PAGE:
Photographer Robert Morrison’s Montana

The artist’s eye for the off-kilter and unusual offers a distinctive portrait of the West at the turn of the 20th century

(Montana Historical Society Research Center Photograph Archives, Helena, MT)


Studio portrait of a wolf and a boy holding a chain connected to a wolfs collar
(Maura McCarthy)

In 1878, when Morrison arrived in Miles City, the Plains were still thick with buffalo, and he hunted them for a time. (His family still has his Sharps rifle.) But by the turn of the century, wild bison were just a memory. This slightly surreal photo may have been a Morrison ode to the vanishing West.

The chained wolf, the buffalo hide on the floor and the buffalo skull are easy enough to interpret, but I needed help from Montana taxidermist Kate Davis to decipher Morrison’s iconography more fully. The log or wooden beam obscuring the young man? A taxidermist would lay a buffalo hide hair-side down on such a beam and use a two-handled knife to skin off any remaining muscle or fat. The beat-up can in front of the beam? It could have contained the oil needed to make the skin supple, or the arsenic used to poison insects that might destroy the hide.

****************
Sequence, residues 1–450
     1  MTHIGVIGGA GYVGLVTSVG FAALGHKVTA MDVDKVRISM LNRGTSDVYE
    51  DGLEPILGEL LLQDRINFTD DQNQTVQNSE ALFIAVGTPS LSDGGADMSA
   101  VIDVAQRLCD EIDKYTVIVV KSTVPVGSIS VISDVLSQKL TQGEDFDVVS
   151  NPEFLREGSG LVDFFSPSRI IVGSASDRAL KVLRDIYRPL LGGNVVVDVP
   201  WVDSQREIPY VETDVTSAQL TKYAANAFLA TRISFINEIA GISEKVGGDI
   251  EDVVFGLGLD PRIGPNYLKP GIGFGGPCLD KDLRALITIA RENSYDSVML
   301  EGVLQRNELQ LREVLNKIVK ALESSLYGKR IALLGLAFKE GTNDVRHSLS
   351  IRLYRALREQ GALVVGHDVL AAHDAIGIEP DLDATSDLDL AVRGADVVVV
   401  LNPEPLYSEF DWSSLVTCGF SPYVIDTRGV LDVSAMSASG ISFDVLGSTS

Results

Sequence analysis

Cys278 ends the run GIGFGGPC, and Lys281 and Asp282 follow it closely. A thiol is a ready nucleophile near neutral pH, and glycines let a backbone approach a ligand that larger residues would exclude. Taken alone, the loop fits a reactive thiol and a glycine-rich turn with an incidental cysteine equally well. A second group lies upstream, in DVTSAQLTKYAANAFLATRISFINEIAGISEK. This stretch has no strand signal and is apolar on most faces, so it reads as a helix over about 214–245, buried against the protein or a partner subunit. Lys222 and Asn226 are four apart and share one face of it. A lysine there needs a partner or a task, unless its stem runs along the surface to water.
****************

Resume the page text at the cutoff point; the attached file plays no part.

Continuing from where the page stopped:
In 1880, cattleman Granville Stuart estimated that 10,000 bison had been slaughtered that winter. “From the Porcupine clear to Miles City the bottoms are liberally sprinkled with the carcasses of dead buffalo,” he wrote, “…all murdered for their hides which are piled like cord wood all along the way. ’Tis an awful sight.” Six years later William T. Hornaday, head taxidermist for the Smithsonian Institution (and, later, the first director of the National Zoo), spent weeks searching the region in search of wild buffalo and collected only 24 specimens. The following year, scientists found none.

Donna M. Lucey is the author of Photographing Montana 1894-1928, based on her discovery of the glass-plate negatives of Evelyn Cameron in the basement of a Montana farmhouse.


Comment on this Story

comments powered by Disqus